The point, without regard to its true everyday applicability is powerful -- under identical circumstances the quattro can keep on going much further than either rear or front wheel drive.
I have, with Summer Tires (fool that I was), driven up a hill in Cincinnati (the seven hills of Cincinnati) after a fresh snow fall and passed both front and rear wheel drive cars in my quattro (a 1995 S6 at the time). The only other vehicles that would go up the hill were SUV's.
The incident that finally convinced me to switch tires was, to my embarassment, when I got stuck in my own FLAT driveway after a particularly heavy (and rare) Cincinnati snowstorm. Perhaps all seasons would not have helped either, who knows?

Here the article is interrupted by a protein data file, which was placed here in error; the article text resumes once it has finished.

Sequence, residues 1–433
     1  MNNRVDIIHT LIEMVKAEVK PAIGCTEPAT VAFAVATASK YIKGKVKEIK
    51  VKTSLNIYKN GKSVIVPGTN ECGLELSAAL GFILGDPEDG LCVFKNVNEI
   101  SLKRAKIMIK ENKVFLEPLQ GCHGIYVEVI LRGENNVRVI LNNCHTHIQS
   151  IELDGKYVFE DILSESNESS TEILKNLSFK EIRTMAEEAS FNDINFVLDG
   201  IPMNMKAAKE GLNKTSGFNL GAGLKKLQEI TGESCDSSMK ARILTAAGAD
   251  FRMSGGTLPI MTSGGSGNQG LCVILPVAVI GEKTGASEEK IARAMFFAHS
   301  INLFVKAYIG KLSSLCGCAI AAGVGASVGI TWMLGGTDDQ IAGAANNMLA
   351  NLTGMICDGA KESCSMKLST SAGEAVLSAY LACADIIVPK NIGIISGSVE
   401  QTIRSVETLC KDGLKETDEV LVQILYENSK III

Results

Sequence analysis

Now that I have used all season tires I will --- based on where I live --- not even attempt to go through winter on summer tires.
Oct 30, 2001 (7:12 pm)
I also live in Cincinnati and my '98 A4 quattro has never had anything but the Dunlop sport suspension tires. I think some people get into trouble with the quattro cars because they fail to recognize that when it gets slippery out you need to slow down.
The only time I had a problem was in Pittsburgh during an ice storm and everyone else was doing periouttes as well. The interesting thing was I was having trouble getting the car to stop going down hill and I managed to get it to do a 180 and went right up the hill.
Having shared my experience I agree with advice that in climates where you spend more time in bad weather conditions it is advisable even with quattro to switch away from the high performance sport tires to something more winter oriented.